Within weeks, Pfizer and its partner BioNTech plan to ask US and European regulators to approve a third dose of its coronavirus vaccine, after observing the erosion of the jab's efficacy six months after inoculation amid the spread of the highly contagious Delta variant.
While some scientists have questioned the need for booster shots, Pfizer's chief scientific officer, Mikael Dolsten, said the reported dip in the vaccine's effectiveness in Israel should be debated.
Israel’s health ministry said vaccine effectiveness in preventing both infection and symptomatic disease fell to 64 per cent in June.
"The Pfizer vaccine is highly active against the Delta variant," Dr Dolsten said in an interview. But after six months, he added, "there is a likely risk of reinfection as antibodies, as predicted, wane."
Still, he stressed that data from Israel and Britain demonstrate that the vaccine remains around 95 per cent effective against severe disease even with waning antibody levels,
Dr Dolsten said Pfizer would submit data to the US Food and Drug Administration (FDA) within the next month. The firm did not release the full set of Israeli data on Thursday but said it would be published soon.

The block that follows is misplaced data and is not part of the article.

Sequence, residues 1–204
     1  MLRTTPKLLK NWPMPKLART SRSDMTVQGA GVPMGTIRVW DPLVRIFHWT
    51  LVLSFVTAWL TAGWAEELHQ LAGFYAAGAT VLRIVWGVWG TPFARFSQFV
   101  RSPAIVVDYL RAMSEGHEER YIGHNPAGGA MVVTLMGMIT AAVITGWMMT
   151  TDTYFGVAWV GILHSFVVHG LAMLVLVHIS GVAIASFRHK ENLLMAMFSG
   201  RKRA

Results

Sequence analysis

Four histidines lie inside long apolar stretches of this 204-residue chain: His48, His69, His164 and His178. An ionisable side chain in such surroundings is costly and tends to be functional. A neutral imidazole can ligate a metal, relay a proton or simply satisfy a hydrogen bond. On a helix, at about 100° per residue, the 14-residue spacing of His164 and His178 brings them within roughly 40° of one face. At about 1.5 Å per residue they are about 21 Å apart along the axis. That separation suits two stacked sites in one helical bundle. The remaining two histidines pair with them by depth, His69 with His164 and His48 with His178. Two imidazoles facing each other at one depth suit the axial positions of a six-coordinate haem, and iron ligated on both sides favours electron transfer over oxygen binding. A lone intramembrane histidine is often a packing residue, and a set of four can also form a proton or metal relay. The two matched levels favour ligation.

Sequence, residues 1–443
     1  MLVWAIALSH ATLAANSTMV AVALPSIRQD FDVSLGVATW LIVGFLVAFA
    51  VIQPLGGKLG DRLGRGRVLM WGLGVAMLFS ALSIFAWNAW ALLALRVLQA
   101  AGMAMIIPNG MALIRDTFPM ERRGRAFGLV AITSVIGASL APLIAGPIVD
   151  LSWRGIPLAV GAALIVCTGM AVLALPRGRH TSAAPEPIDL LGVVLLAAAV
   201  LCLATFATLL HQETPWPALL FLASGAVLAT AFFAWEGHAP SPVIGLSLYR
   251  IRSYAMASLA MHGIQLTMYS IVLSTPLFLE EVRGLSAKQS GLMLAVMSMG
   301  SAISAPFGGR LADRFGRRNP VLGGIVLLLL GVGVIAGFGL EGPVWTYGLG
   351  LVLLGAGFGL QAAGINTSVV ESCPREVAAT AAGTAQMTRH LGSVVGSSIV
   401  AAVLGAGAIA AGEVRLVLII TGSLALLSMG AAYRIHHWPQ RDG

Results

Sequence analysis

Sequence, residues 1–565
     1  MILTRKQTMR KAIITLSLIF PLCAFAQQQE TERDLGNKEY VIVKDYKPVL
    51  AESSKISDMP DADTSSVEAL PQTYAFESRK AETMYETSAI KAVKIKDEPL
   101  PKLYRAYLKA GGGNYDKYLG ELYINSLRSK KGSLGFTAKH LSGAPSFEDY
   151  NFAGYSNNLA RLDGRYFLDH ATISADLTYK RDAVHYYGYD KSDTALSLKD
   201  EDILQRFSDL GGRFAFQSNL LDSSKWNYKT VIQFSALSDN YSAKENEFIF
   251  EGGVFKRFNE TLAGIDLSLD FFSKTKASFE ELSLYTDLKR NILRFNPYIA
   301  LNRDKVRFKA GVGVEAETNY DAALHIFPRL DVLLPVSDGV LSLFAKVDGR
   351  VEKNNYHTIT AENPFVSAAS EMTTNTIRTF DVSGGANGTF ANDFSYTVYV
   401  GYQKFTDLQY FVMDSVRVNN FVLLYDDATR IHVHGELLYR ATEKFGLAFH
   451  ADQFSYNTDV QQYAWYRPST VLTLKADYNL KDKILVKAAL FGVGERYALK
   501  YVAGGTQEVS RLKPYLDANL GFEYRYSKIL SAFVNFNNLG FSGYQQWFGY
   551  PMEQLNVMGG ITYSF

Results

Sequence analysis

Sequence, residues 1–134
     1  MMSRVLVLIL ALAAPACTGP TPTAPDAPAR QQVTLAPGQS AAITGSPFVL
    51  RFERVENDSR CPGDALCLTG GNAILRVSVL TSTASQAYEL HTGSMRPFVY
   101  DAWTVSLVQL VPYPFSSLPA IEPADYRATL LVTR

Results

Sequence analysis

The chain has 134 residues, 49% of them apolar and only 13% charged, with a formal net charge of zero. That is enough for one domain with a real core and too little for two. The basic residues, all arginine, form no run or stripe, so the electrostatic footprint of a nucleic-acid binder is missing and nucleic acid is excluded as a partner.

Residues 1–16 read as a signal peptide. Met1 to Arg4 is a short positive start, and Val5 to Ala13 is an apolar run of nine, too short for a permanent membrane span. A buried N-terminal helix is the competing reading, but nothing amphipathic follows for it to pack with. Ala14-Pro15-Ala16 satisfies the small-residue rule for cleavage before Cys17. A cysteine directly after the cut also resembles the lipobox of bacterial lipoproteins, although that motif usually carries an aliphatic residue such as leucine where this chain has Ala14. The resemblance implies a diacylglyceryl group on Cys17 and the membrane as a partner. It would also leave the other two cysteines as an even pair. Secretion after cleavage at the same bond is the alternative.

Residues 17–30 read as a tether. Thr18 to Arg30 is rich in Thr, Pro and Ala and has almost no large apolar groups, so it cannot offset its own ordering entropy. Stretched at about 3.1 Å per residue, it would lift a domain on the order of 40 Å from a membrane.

In a joint statement, the FDA and Centres for Disease Control and Prevention (CDC) said, "We are prepared for booster doses if and when the science demonstrates it is needed.”
The European Medicines Agency (EMA) said it was too early to determine whether more than two doses would be necessary, saying it was confident for now that the established regimen was sufficient.
Dr Dolsten said early data from Pfizer’s studies showed a booster dose generated antibody levels five or 10 times higher than those seen after two doses.
Dr Eric Topol, a professor of molecular medicine and director of the Scripps Research Translational Institute in La Jolla, California, said basing the decision on waning antibody protection alone ignored the role of important other parts of the immune response.
"You need better studies to be able to assert that. It isn't just neutralising antibodies," he said.
Pfizer plans to launch a placebo-controlled efficacy trial of its booster with 10,000 participants in the autumn.
“The booster would need to be reviewed and recommended by advisers to the CDC even if Pfizer succeeds in getting its booster authorised by the FDA,” said William Schaffner, a vaccine expert at Vanderbilt University Medical Center.
Dr Schaffner said US public health officials were still in the process of encouraging Americans to get their first and second doses of the vaccine.
Additional reporting by Reuters
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